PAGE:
Yuan T. Lee
The Nobel Prize in Chemistry 1986
Yuan Tseh Lee was born on November 19, 1936 in Hsinchu, Taiwan. His father is an accomplished artist and his mother a school teacher.
He started his early education while Taiwan was under Japanese occupation – a result of a war between China and Japan in 1894. His elementary education was disrupted soon after it started during World War II while the city populace was relocated to the mountains to avoid the daily bombing by the Allies. It was not until after the war when Taiwan was returned to China that he was able to attend school normally as a third year student in grade school.
His elementary and secondary education in Hsinchu was rather colorful and full of fun. In elementary school, he was the second baseman on the school’s baseball team as well as a member of the ping-pong team which won the little league championship in Taiwan. In high school he played on the tennis team besides playing trombone in the marching band.
Besides his interest in sports during this time, he was also an avid and serious reader of a wide variety of books covering science, literature, and social science. The biography of Madame Curie made a strong impact on him at a young age. It was Madame Curie’s beautiful life as a wonderful human being, her dedication toward science, her selflessness, idealism that made him decide to be a scientist.
In 1955, with his excellent academic performance in high school, Lee was admitted to the National Taiwan University without having to take the entrance examination, a practice the Universities took to admit the best students. By the end of his freshman year he had decided chemistry was to be his chosen field. Although the facilities in the Taiwan University were less than ideal, the free and exciting atmosphere, the dedication of some professors, and the camaraderie among fellow students in a way made up for it. He worked under Professor Hua-sheng Cheng on his B.S. thesis which was on the separation of Sr and Ba using the paper electrophoresis method.
After graduation in 1959, he went on to the National Tsinghua University to do his graduate work. He received his Master’s degree on the studies of the natural radioisotopes contained in Hukutolite, a mineral of hot spring sediment under Professor H. Hamaguchi’s guidance. After receiving his M.S. he stayed on at Tsinghua University as a research assistant of Professor C.H. Wong and carried out the x-ray structure determination of tricyclopentadienyl samarium.
He entered the University of California at Berkeley as a graduate student in 1962. He worked under the late Professor Bruce Mahan for his thesis research on chemiionization processes of electronically excited alkali atoms. During his graduate student years, he developed an interest in ion-molecule reactions and the dynamics of molecular scattering, especially the crossed molecular beam studies of reaction dynamics.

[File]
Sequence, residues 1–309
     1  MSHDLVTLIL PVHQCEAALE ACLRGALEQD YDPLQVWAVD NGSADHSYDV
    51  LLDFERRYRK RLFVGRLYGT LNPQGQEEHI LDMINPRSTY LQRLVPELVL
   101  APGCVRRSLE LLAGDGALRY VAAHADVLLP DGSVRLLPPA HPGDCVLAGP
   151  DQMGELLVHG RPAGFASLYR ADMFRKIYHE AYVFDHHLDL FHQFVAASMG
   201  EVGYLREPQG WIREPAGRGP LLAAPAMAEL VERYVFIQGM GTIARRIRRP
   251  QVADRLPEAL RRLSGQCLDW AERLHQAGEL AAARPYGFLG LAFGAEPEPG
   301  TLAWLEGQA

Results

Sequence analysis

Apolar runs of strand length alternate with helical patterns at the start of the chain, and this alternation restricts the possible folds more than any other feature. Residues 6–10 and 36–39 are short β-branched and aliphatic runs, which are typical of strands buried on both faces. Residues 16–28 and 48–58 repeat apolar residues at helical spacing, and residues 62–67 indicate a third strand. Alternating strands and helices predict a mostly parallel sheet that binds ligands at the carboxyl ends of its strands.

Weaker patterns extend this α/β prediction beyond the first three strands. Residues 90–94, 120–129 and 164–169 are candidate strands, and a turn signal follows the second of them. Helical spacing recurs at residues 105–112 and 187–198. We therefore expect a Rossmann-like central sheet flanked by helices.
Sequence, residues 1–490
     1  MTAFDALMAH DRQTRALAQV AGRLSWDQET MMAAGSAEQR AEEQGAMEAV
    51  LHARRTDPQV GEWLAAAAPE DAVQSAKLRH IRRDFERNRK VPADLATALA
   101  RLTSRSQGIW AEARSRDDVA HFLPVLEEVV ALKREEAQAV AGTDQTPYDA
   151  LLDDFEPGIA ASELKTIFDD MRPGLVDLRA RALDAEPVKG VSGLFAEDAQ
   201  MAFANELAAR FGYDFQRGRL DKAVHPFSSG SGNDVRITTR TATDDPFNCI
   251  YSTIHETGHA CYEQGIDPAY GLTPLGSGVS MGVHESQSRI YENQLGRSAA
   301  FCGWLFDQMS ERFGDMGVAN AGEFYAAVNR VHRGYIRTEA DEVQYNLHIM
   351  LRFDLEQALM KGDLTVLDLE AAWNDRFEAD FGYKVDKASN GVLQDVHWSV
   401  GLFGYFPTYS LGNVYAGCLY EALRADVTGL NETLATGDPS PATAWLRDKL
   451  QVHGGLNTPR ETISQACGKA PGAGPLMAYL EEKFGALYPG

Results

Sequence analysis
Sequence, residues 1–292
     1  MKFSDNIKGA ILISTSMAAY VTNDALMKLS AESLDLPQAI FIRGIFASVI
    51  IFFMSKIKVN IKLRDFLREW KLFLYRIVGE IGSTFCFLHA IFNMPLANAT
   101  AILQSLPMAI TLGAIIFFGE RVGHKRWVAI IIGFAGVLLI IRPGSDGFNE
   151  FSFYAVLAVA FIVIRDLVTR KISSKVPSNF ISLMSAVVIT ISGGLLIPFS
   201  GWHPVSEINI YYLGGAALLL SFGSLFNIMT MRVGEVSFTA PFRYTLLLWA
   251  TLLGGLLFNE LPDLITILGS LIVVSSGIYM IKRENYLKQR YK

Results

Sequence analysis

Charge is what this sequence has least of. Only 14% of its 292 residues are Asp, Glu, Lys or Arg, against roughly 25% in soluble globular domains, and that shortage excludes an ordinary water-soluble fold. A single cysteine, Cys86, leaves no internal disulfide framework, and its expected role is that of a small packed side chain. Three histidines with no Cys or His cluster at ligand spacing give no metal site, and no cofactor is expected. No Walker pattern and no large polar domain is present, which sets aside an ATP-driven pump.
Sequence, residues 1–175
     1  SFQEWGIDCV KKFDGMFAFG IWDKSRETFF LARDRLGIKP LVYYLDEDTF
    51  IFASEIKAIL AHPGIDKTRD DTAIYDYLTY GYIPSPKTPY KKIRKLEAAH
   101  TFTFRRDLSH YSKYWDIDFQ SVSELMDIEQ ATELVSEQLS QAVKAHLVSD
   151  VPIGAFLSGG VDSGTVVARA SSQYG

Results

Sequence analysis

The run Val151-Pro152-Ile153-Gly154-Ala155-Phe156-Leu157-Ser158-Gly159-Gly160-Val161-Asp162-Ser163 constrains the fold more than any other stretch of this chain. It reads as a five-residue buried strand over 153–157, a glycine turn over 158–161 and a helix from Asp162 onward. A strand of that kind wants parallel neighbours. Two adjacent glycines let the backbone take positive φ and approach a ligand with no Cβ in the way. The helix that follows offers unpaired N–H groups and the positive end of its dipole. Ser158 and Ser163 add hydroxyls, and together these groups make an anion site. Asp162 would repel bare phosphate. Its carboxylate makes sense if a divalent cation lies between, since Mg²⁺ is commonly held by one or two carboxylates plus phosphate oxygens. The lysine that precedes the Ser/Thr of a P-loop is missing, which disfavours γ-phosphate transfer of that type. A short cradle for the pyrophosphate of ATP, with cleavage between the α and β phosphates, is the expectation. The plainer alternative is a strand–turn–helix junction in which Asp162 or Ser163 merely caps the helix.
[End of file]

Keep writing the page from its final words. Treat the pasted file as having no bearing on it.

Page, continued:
Upon receiving his Ph.D. degree in 1965, he stayed on in Mahan’s group and started to work on ion molecule reactive scattering experiments with Ron Gentry using ion beam techniques measuring energy and angular distributions. In a period of about a year he learned the art of designing and constructing a very powerful scattering apparatus and carried out successful experiments on N2+ + H2 –> N2H+ + H and obtained a complete product distribution contour map, a remarkable accomplishment at that time.
In February 1967, he joined Professor Dudley Herschbach at Harvard University as a post-doctoral fellow. He spent half his time working with Robert Gordon on the reactions of hydrogen atoms and diatomic alkali molecules and the other half of his time on the construction of a universal crossed molecular beams apparatus with Doug McDonald and Pierre LeBreton. Time was certainly ripe to move the crossed molecular beams method beyond the alkali age. With tremendous effort and valuable assistance from the machine shop foreman, George Pisiello, the machine was completed in ten months and the first successful non alkali neutral beam experiment on Cl + Br2 –> BrCl + Br was carried out in late 1967.
He accepted the position as an assistant professor in the Department of Chemistry and the James Franck Institute of the University of Chicago in October 1968. There he started an illustrious academic career. His further development as a creative scientist and his construction of a new generation state-of-the-art crossed molecular beams apparatus enabled him to carry out numerous exciting and pioneering experiments with his students. He was promoted to associate professor in October 1971 and professor in January 1973.
In 1974, he returned to Berkeley as professor of chemistry and principal investigator at the Lawrence Berkeley Laboratory of the University of California. He became an American citizen the same year.